(Mostly borrowed) thoughts on Hope, Climate Change, and K-12 Education.

Science is a bit like the joke about the drunk who is looking under a lamppost for a key that he has lost on the other side of the street, because that’s where the light is. It has no other choice.” – Noam Chomsky

“…Not only so, but we also glory in our sufferings, because we know that suffering produces perseverance;perseverance, character; and character, hope. And hope does not put us to shame[1]” – Romans 5:3-5a (NIV)

We’re coming off the Easter/Passover weekend, which almost everyone (not just those of the Judeo-Christian tradition) knows to be all about hope. It’s easy these days to be a bit jaded about hope, and to dismiss it as hopelessly (!) mired in simplistic platitudes. Chances are good you’re looking for a more-nuanced view, reflecting 21st-century-world realities: rampant distrust all peoples seem to hold in each other, in their leaders and their institutions (no branch of government or sector of human activity seems immune); systematic racism; endemic poverty; terrorism and war; widespread environmental degradation; and so much more. Well, then – try this NYT guest essay by Esau McCaulley entitled On Hope, Hate and the Most Radical Claim of the Easter Season. (To whet interest), it starts out this way: Easter has never been my favorite church service. Shouting “Alleluia, Christ is risen!” requires an emotional crescendo my melancholy temperament can’t easily manage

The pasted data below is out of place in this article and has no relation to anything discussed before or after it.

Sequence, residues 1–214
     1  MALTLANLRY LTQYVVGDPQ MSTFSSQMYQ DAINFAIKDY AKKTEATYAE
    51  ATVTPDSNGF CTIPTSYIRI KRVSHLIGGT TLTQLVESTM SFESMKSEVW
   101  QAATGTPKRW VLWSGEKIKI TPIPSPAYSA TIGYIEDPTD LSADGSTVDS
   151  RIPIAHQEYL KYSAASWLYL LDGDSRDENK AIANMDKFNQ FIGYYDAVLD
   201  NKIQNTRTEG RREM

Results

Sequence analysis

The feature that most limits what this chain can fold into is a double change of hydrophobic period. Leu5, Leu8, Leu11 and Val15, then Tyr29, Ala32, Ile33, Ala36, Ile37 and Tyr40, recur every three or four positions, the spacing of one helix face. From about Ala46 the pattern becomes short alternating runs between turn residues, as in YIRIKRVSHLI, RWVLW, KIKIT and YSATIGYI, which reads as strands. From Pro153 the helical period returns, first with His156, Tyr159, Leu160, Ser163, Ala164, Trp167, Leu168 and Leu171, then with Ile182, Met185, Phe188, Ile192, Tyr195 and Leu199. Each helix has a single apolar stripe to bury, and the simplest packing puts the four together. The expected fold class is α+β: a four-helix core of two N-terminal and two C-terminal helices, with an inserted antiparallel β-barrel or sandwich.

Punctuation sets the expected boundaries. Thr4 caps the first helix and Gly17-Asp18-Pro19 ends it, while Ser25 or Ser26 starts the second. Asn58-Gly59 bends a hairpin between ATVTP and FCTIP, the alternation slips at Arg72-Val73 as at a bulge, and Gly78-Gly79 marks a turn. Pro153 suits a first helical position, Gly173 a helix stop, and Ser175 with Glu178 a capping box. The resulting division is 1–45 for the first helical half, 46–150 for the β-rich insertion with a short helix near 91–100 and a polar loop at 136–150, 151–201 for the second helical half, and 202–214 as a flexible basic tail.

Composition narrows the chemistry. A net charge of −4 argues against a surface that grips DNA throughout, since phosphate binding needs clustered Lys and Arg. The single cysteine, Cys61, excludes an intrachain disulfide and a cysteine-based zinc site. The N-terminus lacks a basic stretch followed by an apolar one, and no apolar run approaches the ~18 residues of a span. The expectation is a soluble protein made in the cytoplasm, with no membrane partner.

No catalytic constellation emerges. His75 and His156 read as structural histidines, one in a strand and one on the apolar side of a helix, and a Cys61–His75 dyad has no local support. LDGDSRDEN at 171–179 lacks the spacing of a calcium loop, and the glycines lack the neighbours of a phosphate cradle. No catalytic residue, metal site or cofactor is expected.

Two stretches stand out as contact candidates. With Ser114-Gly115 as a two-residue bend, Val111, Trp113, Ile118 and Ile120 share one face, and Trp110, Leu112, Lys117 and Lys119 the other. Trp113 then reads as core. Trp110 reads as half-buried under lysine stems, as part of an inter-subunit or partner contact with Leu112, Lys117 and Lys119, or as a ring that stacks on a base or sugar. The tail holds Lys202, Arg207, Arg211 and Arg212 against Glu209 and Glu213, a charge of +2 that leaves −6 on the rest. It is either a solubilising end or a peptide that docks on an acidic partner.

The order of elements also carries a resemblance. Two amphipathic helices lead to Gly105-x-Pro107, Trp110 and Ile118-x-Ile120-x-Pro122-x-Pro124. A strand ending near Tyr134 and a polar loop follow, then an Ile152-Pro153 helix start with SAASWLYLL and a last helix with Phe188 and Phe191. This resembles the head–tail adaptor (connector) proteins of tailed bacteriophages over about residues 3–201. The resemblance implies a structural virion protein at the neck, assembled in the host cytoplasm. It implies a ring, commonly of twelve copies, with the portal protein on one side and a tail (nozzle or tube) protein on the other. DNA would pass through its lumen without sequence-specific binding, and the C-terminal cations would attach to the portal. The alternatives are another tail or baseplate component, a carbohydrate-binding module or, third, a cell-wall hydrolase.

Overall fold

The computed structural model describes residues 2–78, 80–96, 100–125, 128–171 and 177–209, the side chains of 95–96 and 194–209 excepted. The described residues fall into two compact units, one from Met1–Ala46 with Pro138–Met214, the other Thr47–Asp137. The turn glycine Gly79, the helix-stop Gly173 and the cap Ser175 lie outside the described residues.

(a bit later the author continues) …I have never been a big fan of hope. It’s a demanding emotion that insists on changing you. Hope pulls you out of yourself and into the world, forcing you to believe more is possible. Hate is a much less insistent master; it asks you only to loathe. It is quite happy to have you to itself and doesn’t ask you to go anywhere.

Growing up poor provided me with plenty of opportunities to wallow in that much less complex feeling…

One of the 21st-century challenges that would seem to call for heaps of hope is climate change. Huge in scale, more complex and tangled than our minds can fully comprehend, it is also less tangible than the more immediate concerns of the century listed above. And if we’re all wallowing in Esau’s McCaulley’s easy grip of hate, with its polarization and division, it’s hard to imagine coping strategies that will get us where we need to be.

But some folks are trying. My daughter brought this post to my attention (thank you/good catch!): Why We Need Stories of Climate Optimism. The authors, Ed Finn and Joey Eschrich, start out this way: how do we motivate large-scale collective action around a problem that is so complex, abstract, and vast in scale? One of the reasons it feels so impossible is that we have few stories of what a successful transition might look like. Even the most ardent champions of decarbonization sometimes focus more on sounding the alarm than on imagining and mapping out successful outcomes. Without positive climate futures, visions of climate adaptation and resilience that we can work toward, it’s much harder to motivate broad-based efforts for change in the present.